New Yorkers who couldn’t make it to Cannes or Sundance should head to New Directors/New Films (the festival that discovered Spike Lee, John Sayles, Pedro Almodovar, and even Steven Spielberg) this week to sample the best of both along with a few premieres. We know planning what to see can be a daunting task with over two dozen films to choose from, so we assembled a guide to our favorites. Click through for our must-see picks, accompanying trailers, and ticket info.
The festival opens with Richard Press’ fly-on-the-wall documentary Bill Cunningham New York, a film which follows the enigmatic and deeply private Times photographer as he pedals around the city on a beat-up bike searching for new trends. Cunningham seems equally comfortable around Lady Astor as he is with a street cleaner, and while he runs in elite circles for his work, he lives very modestly in a tiny studio filled with filing cabinets — it could easily be mistaken for a storage closet. It’s this dichotomy that makes Press’ superb film fascinating. Fashion consumes Cunningham, and yet he prefers it on others, sticking to a blue work coat and a few simple basics for himself.
2. 3 Backyards
Eric Mendelsohn‘s 3 Backyards is a bizarrely tense dramedy that benefits from an excellent core cast: Edie Falco as a slightly deranged housewife and Elias Koteas as man struggling to connect with his family in all the wrong ways. The title refers to three households in the same neighborhood that never meet, highlighting the isolation of the characters. There are numerous small cinematic moments to savor here including a girl with a runaway poodle and wild nature shots in the Hamptons, all blanketed by a frantic score that fits the pulse of the film. Mendelsohn’s well-crafted characters will stick with you long after the screen fades.
My Perestroika is a rare glimpse behind the iron curtain that explores the transformation of USSR through the eyes of five ordinary citizens who grew up together but embarked on drastically different career paths. Director Robin Hessman weaves their stories together seamlessly while letting them unfold naturally in this thoughtful doc. The result is a powerful and surprisingly humorous examination of life under government control and a welcome insight into the day-to-day lives of a particularly captivating group of Russians.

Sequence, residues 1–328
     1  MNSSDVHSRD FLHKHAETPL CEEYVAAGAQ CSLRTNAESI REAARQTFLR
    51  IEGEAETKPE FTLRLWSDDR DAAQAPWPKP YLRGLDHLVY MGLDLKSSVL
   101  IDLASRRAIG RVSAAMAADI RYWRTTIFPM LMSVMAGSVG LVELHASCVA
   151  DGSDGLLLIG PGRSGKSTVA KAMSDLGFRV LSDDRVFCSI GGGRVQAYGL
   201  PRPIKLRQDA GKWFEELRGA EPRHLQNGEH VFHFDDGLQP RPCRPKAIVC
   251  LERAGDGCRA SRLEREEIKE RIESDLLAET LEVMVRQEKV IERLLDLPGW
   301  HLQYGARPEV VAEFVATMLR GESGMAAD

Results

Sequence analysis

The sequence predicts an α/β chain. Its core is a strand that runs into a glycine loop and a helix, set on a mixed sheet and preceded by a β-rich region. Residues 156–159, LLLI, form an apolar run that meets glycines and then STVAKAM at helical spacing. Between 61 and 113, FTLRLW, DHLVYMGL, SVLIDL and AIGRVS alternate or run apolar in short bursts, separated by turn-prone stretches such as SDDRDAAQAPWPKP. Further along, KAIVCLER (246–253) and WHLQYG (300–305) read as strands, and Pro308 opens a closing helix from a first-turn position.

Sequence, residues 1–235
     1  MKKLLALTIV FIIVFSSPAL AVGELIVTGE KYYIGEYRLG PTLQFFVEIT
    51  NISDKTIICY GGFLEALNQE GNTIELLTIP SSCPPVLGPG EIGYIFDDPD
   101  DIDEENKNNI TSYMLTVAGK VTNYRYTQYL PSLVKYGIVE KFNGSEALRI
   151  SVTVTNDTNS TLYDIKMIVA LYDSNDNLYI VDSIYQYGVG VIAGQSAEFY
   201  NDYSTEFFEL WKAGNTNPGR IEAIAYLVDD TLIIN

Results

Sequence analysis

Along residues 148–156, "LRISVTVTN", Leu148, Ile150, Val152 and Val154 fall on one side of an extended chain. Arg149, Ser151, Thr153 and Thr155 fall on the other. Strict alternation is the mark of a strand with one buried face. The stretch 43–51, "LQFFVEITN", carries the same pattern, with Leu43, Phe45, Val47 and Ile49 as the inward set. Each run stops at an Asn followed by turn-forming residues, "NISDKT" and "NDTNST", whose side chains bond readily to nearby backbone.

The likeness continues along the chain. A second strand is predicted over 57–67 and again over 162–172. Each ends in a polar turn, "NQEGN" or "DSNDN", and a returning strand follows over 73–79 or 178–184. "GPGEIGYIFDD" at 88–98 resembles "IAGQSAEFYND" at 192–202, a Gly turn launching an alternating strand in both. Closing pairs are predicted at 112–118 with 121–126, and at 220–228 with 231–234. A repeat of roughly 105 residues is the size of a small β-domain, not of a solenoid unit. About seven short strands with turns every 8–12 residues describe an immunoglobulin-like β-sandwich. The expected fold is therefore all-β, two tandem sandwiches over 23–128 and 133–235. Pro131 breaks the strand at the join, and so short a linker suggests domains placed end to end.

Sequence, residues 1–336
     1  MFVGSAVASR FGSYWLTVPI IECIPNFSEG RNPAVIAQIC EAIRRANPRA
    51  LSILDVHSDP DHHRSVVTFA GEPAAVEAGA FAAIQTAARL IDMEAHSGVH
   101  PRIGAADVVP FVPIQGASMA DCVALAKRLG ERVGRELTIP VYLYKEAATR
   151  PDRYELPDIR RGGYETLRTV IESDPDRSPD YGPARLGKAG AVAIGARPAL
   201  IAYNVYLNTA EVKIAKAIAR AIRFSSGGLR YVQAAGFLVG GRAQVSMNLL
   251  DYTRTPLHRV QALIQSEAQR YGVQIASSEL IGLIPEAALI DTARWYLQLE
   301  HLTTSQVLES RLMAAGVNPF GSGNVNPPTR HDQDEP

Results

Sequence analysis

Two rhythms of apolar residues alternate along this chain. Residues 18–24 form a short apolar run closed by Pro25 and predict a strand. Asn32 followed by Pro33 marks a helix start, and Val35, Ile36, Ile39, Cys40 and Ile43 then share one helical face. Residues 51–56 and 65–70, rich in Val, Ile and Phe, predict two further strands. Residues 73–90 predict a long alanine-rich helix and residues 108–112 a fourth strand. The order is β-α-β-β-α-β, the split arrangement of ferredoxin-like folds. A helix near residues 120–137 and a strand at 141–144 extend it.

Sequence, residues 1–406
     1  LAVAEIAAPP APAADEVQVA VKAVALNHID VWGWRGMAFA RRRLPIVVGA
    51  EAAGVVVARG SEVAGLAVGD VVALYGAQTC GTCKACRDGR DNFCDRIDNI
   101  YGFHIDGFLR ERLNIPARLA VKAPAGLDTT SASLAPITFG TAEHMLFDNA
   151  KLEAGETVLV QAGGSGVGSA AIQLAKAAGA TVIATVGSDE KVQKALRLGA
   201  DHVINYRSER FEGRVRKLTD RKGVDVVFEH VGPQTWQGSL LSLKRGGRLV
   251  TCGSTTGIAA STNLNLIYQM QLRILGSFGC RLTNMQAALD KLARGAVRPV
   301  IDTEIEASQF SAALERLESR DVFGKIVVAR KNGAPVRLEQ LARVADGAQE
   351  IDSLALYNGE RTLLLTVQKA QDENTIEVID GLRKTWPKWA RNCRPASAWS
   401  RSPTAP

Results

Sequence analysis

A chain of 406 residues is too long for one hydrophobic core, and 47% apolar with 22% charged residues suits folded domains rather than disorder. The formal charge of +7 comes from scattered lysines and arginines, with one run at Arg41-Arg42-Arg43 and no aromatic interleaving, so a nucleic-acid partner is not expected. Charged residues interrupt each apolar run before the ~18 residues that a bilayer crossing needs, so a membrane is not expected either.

4. I Am Love
That Tilda Swinton can speak Italian is just one of many delightful surprises in Luca Guadagnino’s richly drawn drama that focuses on the disintegration of a family dynasty and the destructive potential of unchecked passions. Swinton plays a fading trophy wife trying to hold onto her family while finding ways to escape her loneliness. John Adams‘ rhythmic score brings out the well-hidden tension of the Recci family, enhancing Yorick Le Saux‘s gorgeously shot scenes of Milan and the lush Italian countryside, evoking the spirit of the aptly named film.
Tanya Hamilton‘s gritty feature debut is a riveting story of former Black Panthers trying to piece together a life for themselves amidst the savage inequalities of the times. Hamilton has a lot to say but avoids being preachy by crafting subtle moments that leave the judgment up to the viewer. Kerry Washington is astounding as a lawyer who fights from within the system and Anthony Mackie delivers a powerful performance as man trying to carve out a meaningful existence out of the mess he was born into.
6. Down Terrace
This chilling pitch-black comedy has a deceptively warm opening that sucks you inside the heads of its charmingly psychopathic drug-dealing protagonist and his equally deranged family, engaging you for the ensuing bloodbath. Director Ben Wheatley along with his writing partner Robin Hill draw on the everyman aspects of The Sopranos but have a fresh and subtle sensibility that shines through even in the film’s darkest moments.
Borat meets Michael Moore in this inventive and daring new doc that takes us inside of North Korea as two Danish-Korean comedians prepare for a concert homecoming and fight becoming a propaganda tool of Kim Jong-il. Director Mads Brügger provides insightful and hilarious commentary, even using the great leader’s film theory book as a faux guide to how he should structure his film. These hilariously surreal moments contrast nicely with the harrowing reality of this isolated country.
This complex tale celebrates the joys of cinema while starkly depicting the final days of a French producer who wrestles with his zest for life and simultaneous desire for it to be over in the face of mounting debt and depression. There are no easy answers to be had but an abundance of wit and charm goes a long way to make this one of the most moving films we’ve seen this year.
New Directors/New Films runs from March 24 through April 4 at the Film Society of Lincoln Center and MoMA. Buy tickets here.